18. A device as recited in claim 17, wherein the plug housing further comprises a second control valve; wherein activation of the second control valve releases pressure in the inner space of the plug housing, the ejector rod thereby biased by the spring to the retracted position.
19. A device as recite in claim 18, further comprising a microprocessor coupled to the control valves.
20. A device as recited in claim 17, wherein the plug housing further comprises a compressor coupled to the reservoir to replenish the pressure within the reservoir.
21. A device as recited in claim 1, wherein the inner space is generally cylindrical.
 This is a continuation-in-part of application Ser. No. 14/587,881,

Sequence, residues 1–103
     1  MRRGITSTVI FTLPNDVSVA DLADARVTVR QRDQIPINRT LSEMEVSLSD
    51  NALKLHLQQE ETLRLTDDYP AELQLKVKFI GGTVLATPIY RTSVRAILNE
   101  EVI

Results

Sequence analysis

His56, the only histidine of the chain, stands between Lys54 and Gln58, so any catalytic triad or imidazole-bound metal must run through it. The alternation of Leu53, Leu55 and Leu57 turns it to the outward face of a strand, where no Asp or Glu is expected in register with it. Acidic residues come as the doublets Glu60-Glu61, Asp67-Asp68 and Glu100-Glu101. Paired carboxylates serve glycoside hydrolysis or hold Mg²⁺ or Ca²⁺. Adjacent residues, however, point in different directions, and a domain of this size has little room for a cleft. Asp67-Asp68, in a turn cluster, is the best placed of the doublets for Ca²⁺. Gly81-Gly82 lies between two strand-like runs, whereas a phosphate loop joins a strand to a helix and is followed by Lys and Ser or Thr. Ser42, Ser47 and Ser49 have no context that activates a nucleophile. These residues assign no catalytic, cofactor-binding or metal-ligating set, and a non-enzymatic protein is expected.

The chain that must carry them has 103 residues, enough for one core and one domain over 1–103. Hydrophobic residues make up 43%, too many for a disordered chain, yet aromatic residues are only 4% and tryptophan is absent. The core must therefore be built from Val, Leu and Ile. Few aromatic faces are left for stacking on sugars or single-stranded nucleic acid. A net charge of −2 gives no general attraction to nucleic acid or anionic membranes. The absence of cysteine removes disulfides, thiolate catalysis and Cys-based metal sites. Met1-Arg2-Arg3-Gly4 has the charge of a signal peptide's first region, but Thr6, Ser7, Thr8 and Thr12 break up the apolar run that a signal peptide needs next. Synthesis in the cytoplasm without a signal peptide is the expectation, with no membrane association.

filed Dec. 31, 2014 on behalf of inventors Jean-Guy Gagne, James Rogers
and Patrick Belanger. The benefit of provisional application 61/923,318,
filed Jan. 3, 2014 and provisional application 62/043,091, filed Aug. 28,
2014, is claimed under 35 U.S.C. 119(e).
 This disclosure is related to electrical cord and plug devices and, more particularly, to a mechanism for remotely controlling ejection of a plug from an outlet or from another cord or device to which the plug is connected.
 A variety of electrical applications require a long electrical cord so that a user can operate an electrical appliance or other device at a relatively great distance from the power source. For example, vacuum cleaners are commonly provided with electrical cords that enable use over a large area, often extending to adjoining rooms. As another example, a long extension cord may be required for operation of a device at a location beyond the range of the cord originally provided with the device.